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‘Just differently-abled’: SOAR students display their art, photography

By Natalie Anderson

SALISBURY — The community was able to soar with local artists Kathy Osterhus and Renee Rasile Thursday night during an art exhibit at Mean Mug Coffee Co.

Both Osterhus, 38, and Rasile, 38, are part of Rowan-Cabarrus Community College’s Skills, Opportunity, Awareness, Readiness (SOAR) program, which allows adults with intellectual disabilities to become more independent and self-directing with basic literacy and life skills needed for everyday life. They both work at Mean Mug Coffee Co. once per week as part of an internship in the program.

Mean Mug owner Evelyn Medina arranged the exhibit, which displayed both women’s artwork and allowed the public to view and purchase their work.

Medina said working at the coffee shop has allowed both Osterus and Rasile to be exposed to the community and come out of their shell.

“They’re just differently-abled,” Medina said.

Medina added that she’s learned from both women. For example, Osterhus taught her that it’s OK to not have boundaries sometimes and that a hug can mean a lot.

This event, Medina said, reminded her of how talented Rasile is.

Rasile’s mother, Donna, said her daughter had an accident at the age of 19 that caused brain damage and resulted in years of relearning how to walk, talk and swallow. And it took 10 years for Renee to relearn painting. She had been painting since the age of 5 and was always “artsy” in school, her mother said.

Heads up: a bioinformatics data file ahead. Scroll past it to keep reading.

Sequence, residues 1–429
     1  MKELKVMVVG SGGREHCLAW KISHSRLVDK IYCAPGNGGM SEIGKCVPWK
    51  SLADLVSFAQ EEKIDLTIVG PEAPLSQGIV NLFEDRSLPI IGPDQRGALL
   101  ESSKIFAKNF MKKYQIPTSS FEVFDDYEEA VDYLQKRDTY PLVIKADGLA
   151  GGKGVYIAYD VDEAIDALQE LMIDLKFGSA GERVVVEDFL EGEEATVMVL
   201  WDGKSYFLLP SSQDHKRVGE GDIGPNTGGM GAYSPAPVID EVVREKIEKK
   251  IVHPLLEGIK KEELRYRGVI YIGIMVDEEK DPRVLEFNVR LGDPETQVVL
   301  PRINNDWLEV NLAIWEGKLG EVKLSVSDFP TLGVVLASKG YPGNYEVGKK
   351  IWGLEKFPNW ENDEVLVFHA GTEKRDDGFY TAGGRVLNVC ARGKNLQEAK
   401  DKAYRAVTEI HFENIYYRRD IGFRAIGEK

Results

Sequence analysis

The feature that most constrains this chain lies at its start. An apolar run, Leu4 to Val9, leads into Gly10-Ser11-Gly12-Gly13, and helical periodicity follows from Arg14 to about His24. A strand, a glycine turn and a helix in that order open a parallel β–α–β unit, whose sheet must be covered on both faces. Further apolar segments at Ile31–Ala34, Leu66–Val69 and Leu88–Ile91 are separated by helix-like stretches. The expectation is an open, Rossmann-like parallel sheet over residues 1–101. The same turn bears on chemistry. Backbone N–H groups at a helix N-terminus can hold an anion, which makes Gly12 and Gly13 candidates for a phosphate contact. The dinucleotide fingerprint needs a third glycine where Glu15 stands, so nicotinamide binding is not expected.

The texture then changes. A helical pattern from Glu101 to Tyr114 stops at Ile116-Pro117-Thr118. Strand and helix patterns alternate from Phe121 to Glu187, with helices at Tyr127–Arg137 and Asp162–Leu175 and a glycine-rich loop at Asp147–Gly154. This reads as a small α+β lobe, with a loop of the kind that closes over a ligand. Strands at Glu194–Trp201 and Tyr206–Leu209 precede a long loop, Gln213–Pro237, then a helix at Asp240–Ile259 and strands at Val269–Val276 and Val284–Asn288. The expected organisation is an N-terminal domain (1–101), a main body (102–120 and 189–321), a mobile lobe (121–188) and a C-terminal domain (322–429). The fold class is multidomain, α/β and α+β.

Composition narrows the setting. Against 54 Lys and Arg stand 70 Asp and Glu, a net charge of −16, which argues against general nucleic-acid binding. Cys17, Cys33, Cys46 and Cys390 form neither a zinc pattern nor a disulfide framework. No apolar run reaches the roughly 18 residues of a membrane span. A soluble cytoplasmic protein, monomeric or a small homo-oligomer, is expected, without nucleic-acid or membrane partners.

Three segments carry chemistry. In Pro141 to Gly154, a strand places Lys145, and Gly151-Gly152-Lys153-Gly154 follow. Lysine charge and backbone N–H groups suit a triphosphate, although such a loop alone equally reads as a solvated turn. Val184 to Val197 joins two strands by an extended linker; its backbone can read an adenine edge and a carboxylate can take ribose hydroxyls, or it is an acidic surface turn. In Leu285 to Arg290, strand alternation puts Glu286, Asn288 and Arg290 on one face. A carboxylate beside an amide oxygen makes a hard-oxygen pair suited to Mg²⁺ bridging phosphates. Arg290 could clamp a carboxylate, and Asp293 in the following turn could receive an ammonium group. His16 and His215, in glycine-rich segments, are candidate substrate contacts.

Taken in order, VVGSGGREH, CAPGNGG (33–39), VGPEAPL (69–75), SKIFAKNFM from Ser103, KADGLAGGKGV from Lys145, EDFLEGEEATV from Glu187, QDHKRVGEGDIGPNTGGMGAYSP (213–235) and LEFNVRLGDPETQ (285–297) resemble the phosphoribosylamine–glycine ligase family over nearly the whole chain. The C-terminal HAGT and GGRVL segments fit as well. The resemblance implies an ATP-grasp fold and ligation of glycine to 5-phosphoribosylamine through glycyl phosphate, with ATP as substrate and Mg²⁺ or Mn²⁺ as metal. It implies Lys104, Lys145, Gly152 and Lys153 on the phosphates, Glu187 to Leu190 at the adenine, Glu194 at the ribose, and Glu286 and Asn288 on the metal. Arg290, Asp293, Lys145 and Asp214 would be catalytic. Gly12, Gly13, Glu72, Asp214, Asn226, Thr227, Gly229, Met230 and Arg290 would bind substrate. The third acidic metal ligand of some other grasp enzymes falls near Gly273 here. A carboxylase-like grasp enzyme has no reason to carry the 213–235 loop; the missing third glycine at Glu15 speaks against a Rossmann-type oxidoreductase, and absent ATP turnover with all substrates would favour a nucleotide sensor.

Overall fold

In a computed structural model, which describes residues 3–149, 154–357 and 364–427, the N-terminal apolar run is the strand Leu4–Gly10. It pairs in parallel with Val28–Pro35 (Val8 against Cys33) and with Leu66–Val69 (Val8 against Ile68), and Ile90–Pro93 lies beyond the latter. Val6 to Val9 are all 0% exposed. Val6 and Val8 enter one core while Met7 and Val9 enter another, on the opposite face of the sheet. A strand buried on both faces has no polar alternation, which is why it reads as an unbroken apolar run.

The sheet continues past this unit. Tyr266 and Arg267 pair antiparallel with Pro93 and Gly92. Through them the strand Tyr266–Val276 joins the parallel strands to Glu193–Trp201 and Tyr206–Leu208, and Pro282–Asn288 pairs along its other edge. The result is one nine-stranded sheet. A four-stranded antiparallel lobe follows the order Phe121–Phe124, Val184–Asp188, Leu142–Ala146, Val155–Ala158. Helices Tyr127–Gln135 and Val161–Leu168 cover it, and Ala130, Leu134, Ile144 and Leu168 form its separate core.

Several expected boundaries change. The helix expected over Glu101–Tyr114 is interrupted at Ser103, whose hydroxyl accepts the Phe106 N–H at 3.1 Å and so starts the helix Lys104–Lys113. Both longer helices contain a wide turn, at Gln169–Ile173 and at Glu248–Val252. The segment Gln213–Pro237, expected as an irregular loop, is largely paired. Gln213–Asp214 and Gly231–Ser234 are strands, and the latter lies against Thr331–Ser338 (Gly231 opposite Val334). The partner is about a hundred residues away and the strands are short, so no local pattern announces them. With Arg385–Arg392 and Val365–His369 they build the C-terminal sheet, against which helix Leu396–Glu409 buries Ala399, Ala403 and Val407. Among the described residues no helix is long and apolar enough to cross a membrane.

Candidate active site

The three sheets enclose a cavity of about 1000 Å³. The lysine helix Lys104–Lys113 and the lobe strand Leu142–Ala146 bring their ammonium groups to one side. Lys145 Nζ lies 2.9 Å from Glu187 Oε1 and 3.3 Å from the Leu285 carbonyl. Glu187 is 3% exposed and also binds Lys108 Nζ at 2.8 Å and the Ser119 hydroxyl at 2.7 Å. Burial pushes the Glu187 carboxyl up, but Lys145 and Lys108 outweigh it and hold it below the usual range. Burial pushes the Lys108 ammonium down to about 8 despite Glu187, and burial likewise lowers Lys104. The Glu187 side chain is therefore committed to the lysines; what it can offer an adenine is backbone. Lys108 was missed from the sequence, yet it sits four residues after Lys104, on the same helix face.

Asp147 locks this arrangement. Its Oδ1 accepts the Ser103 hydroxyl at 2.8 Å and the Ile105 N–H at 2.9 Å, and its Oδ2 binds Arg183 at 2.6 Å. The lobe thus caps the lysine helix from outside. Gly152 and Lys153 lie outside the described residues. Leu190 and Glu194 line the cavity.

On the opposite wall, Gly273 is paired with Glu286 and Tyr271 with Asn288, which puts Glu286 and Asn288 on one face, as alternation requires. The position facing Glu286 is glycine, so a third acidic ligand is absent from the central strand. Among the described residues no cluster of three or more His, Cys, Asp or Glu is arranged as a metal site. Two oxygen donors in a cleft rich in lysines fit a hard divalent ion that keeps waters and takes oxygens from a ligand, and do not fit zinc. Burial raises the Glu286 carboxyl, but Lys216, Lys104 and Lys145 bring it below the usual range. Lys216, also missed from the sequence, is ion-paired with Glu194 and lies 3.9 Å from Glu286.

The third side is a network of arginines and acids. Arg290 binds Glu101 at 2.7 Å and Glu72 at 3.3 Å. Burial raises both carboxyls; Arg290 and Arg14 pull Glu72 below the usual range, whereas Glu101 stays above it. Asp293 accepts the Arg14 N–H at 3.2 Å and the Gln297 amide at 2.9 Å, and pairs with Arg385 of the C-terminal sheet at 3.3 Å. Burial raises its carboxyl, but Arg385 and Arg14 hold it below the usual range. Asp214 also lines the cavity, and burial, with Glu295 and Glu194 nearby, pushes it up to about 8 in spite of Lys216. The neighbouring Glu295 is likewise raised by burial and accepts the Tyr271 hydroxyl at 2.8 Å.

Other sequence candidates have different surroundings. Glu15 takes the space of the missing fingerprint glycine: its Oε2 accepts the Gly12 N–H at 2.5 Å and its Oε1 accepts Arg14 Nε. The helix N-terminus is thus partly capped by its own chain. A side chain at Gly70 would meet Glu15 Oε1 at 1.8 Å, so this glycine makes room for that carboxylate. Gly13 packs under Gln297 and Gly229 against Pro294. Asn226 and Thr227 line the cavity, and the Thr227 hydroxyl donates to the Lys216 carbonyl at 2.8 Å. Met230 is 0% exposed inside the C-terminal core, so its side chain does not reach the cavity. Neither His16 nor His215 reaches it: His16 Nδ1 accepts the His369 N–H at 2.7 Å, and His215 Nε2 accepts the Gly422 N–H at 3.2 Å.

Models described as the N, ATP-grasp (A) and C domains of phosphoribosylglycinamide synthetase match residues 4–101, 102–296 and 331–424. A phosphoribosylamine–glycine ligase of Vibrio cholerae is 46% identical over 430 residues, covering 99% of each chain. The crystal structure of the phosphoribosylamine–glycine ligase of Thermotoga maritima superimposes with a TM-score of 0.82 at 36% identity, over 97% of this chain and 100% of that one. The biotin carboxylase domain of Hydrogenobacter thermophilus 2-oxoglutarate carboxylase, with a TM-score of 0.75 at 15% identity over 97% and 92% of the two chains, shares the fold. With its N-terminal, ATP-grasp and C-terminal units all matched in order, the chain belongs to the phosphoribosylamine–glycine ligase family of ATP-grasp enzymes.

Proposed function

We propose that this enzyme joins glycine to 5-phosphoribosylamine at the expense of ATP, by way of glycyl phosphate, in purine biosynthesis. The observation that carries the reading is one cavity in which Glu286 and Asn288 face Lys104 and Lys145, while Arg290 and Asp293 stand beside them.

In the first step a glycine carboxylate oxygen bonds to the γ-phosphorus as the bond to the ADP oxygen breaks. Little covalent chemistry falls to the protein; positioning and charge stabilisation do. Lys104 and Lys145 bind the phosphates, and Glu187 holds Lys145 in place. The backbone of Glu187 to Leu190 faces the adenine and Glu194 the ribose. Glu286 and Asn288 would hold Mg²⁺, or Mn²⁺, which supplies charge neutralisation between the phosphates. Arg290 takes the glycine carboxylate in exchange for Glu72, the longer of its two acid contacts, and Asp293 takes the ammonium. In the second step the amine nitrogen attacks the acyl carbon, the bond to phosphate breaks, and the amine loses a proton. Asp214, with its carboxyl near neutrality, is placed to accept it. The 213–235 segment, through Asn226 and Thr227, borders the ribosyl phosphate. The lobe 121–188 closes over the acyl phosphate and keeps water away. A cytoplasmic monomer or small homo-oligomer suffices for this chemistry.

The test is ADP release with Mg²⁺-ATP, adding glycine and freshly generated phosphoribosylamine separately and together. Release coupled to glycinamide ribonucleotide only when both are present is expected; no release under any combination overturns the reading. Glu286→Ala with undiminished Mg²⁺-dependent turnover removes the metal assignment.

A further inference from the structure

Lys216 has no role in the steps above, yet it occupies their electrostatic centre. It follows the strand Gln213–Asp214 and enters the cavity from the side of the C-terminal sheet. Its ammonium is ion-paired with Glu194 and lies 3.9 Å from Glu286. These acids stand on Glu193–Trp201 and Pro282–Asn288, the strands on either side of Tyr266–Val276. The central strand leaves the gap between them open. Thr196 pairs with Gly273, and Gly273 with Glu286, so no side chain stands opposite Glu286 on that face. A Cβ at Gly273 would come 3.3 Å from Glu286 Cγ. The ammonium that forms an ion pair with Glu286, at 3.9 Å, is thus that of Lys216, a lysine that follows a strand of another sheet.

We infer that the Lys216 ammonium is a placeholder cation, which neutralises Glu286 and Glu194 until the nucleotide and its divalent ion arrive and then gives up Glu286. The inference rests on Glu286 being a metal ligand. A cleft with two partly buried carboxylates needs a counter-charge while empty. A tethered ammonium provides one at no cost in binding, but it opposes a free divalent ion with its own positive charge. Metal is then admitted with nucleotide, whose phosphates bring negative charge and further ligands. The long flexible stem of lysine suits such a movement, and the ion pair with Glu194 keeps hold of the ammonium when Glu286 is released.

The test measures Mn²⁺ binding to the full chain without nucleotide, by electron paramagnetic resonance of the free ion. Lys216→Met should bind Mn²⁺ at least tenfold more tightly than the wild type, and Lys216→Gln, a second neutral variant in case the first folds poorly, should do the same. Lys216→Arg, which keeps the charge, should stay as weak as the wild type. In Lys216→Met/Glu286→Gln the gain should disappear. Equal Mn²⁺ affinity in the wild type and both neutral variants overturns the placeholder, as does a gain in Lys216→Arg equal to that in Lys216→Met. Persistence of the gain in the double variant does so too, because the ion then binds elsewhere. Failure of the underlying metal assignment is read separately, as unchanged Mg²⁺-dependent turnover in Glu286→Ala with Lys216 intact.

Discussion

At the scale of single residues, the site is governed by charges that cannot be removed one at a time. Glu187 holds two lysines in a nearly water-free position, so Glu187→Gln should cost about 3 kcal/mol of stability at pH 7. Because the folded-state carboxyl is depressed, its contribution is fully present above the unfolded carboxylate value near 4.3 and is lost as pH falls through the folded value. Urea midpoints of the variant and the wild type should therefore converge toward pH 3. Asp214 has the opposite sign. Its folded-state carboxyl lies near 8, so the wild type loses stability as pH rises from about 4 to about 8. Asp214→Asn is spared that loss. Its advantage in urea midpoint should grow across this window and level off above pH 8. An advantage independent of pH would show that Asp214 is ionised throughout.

Rasile said women are her favorite thing to paint and that her work centers around the theme of a strong, feminine spirit. The work she had on display Thursday included women and flowers, painted in broad strokes, bold colors and a modern style.

She added that the event was exciting for her.

“I was here for five minutes and someone already bought my painting,” Rasile said.

The painting was the first one she had created since she had her accident.

Osterhus has maintain an interest in photography for years. Sunrises are her favorite thing to photograph “because they’re beautiful,” she said. She also takes photos of people, pets and landscapes. Some of the photos on display at the exhibit included shots of the Grand Canyon she captured when travelling the country by train.

In 2019, Osterhus won second place in the Rowan Big Ideas for her new digital photography business, “Special Shots: Pictures with a Purpose.” Half of the revenue from that business is donated to organizations that support the intellectually challenged. Right now, proceeds have gone to the SOAR program.

Osterhus’ favorite part of the event was that it was where she works, she said.

Osterhus’ mother, Cyndi, said the event provided her daughter with an opportunity to be out and talk to people.

Osterhus added that she appreciated her friends coming out to support her.

Contact reporter Natalie Anderson at 704-797-4246.


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